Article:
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Full text of "Mathura A District Memoir"

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*E3£PLE OF B1LADEYA,                                              203
mediation is provided for the pilgrims and resident priests, Ko definite charge
is levied on the former, but they are expected to make a voluntary donation
according to their means* Each court, or kunjt as it is called, bears the name
of its founder as follows :—1st, the Knnj of Rashk Lai of Agra and Lakh&ao,
1817 A.D.; 2nd3 of BacMmra|? Baniya, of EaUias, 1825 ; 3rd, of ]^aval Earan,
Baaiya? of Agra, 1868 ; 4th, of BMia Sen and Hulas Rai5 Banivas,
1828 ; 5thj of Das Mai, Ehattri, of Agra? 1801; Btia. of Bhattacharya
1794 ; 7th of Gopai, Brahman, of Jaypnr; 8th of GMman Lal5 of Mathura,
1778 ; 9th, of Sada Earn, Ehattri, of Agra, 1763 ; lOSi, of Chniina, Halwai, of
Bharat-piir, 1808 ; and llth, of Pikan Chand, Fachanri, of JSIaha'-baa, 1801.
Th& actual temple^ "built by Seth Syfaa Das, of Delhi, towards the end of last
century, stands at the Back of one of the inner courts^ and on each of its three
disengaged sides has an arcade of three "bays with broad flanking piers. On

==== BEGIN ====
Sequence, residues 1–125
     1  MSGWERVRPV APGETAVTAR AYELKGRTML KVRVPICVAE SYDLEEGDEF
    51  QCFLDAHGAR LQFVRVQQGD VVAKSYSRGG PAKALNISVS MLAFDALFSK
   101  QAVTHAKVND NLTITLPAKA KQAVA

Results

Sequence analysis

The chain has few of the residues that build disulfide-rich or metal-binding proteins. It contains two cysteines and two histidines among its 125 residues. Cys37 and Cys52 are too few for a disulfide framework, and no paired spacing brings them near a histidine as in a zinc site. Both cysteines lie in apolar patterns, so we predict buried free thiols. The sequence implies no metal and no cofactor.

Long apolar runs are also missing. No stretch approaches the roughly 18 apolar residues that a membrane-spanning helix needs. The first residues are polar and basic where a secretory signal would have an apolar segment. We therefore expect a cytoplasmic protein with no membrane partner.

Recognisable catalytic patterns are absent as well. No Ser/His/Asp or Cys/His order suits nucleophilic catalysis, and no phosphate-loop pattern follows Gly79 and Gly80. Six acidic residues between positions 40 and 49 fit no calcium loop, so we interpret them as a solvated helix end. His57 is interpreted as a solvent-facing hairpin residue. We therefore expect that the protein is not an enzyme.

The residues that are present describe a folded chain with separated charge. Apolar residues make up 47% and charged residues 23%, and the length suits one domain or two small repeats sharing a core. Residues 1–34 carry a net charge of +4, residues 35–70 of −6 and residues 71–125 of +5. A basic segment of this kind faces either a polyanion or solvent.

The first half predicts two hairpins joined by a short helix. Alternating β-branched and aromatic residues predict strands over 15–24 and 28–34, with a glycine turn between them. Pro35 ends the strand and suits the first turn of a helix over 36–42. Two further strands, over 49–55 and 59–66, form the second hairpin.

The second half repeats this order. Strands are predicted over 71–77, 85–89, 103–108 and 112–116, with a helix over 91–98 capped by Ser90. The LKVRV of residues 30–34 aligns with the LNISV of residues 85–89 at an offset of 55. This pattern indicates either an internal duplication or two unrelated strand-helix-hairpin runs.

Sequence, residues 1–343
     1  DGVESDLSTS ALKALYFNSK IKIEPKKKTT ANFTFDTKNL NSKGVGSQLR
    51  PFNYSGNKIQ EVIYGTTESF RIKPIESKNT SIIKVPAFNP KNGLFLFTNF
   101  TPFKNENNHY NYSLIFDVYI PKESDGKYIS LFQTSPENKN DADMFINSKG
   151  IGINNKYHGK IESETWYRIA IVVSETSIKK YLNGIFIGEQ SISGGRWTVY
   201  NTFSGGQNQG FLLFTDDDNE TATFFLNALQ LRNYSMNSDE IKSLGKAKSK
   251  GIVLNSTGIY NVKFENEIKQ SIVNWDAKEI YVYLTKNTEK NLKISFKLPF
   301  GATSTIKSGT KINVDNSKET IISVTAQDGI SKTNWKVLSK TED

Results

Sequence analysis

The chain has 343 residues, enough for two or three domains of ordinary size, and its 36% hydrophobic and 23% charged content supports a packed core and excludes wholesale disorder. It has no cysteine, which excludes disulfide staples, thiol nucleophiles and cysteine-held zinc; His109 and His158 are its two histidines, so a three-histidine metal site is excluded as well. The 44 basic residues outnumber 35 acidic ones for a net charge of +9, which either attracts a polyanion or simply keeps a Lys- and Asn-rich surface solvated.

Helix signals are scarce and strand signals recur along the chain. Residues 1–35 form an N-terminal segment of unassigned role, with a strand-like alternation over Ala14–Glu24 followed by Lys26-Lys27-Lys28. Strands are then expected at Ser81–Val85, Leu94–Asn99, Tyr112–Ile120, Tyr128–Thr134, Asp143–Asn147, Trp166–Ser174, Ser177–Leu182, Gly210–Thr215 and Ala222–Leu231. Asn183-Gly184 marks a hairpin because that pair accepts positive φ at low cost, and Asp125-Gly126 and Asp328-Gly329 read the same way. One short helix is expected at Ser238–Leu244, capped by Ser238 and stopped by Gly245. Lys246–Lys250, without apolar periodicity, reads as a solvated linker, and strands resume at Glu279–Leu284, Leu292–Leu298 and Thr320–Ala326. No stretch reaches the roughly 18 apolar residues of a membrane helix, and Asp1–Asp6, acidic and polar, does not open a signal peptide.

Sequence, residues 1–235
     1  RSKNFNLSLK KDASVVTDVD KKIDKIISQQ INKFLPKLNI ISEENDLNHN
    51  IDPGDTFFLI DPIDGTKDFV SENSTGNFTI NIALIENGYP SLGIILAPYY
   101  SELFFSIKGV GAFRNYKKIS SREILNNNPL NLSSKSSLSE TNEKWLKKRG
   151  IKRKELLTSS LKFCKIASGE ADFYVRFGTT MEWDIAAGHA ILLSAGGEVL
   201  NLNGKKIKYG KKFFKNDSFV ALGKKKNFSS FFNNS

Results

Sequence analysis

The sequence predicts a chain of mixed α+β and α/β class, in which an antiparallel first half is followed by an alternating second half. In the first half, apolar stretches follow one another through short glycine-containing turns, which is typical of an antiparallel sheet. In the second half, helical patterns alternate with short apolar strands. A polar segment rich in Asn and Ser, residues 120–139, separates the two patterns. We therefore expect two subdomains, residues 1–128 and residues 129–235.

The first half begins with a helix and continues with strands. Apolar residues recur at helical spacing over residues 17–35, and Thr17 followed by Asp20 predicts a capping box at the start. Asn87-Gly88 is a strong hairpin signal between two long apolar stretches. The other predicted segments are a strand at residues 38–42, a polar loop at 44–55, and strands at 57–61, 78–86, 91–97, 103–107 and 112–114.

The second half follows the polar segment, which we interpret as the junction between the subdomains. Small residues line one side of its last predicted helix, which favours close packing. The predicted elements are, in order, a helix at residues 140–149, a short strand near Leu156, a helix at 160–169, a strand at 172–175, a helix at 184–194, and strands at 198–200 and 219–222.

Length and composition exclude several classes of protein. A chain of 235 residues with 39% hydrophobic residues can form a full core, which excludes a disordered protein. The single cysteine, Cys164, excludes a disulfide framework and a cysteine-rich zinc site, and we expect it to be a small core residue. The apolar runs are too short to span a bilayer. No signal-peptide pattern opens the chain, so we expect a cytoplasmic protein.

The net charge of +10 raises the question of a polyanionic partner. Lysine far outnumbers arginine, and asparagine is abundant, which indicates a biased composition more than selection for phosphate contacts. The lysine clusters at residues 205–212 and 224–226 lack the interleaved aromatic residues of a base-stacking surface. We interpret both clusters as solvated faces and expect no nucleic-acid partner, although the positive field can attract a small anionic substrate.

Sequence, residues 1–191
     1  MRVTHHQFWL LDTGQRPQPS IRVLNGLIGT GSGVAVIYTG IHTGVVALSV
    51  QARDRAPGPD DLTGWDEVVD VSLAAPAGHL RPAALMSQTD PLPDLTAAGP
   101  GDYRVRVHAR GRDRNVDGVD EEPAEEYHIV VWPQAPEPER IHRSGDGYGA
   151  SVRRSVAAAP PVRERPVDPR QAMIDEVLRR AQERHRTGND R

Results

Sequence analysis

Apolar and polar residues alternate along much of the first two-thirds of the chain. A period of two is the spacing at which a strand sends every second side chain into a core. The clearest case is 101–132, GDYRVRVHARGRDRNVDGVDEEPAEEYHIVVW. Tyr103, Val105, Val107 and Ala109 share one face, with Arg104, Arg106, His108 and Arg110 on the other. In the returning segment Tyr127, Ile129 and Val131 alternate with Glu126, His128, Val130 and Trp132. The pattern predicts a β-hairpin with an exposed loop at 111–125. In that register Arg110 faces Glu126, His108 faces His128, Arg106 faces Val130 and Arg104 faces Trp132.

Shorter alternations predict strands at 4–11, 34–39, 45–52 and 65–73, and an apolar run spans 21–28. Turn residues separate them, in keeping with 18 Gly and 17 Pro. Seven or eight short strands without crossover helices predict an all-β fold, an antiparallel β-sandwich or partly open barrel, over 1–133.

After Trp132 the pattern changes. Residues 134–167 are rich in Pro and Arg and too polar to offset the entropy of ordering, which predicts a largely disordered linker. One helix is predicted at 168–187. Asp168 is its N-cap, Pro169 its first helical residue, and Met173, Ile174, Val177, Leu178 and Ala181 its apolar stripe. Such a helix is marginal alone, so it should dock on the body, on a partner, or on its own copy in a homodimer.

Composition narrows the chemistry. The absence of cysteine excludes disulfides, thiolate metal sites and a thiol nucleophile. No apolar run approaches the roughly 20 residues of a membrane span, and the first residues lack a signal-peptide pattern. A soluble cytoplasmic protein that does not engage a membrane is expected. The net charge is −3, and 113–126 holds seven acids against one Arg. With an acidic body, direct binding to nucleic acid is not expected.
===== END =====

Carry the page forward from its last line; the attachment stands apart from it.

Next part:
each of these three sides a door gives access to the celia, "which Is surmounted
by a squat pyramidal tower. In addition to the principal %are, Baladera,
who is generally very ricMy dressed and "bedizened -with jewels, it contains another
life-sized statue, supposed to represent Ms spouse HevatL Apparently she was am
after-thought, as she is pat away in a corner^ off the dais. In an adjoining court
is shown the small vaulted chamber which served the God as a residence for the
first century after Ms epiphany* Near the tank is a skrine dedicated by BiMri
Lalj Boluaj of Hfmsan, ia 1803? to the honour of tibe god Harideva? and two
stone cMoltm ia memory of the FandaSj Harideva and Jagannath.
Two annual melas are held at Baladeva^ "fee one BiiMon siidi 6th (commonly
caled Deo Cl&th), iJie oclier on the full jnoom of Agalm ; but there is probably
not a single day ia the course of the whole year ia which the temple courts are
not occupied by at least as inasy as a hundred pilgrims^ who come from all parts
of XortBem India* The cost of the religions ceremonial cannot be much, but a
charitable dole of an ana apiece is given to every applicant; and as the Plbaeies
with their families now number "between 300 and 400 persons., the annual
cost o£ their maintenance must Ibe very considerable. After reasonable deduc-
tions on iiiese three heads—rfj., temple expenses, charity, and maintenance of
the priests,, the "balance of profits is calculated at over Rs« 30^000. Tiiere is
ordinarily a division among the shareholders at the end of every three montliSy
when they make an aEotment into twelve equal portions^ that being the num-
ber of the principal sub-divisions of tie clan^ and then each sub-division mates a
separate distribution among its own members. The votive offerings ia <3ie
vast majority of cases are individually of very trifling amount ; but even so,
their collective value is not altogether to be despised. Thmy poorer pEgrimSj in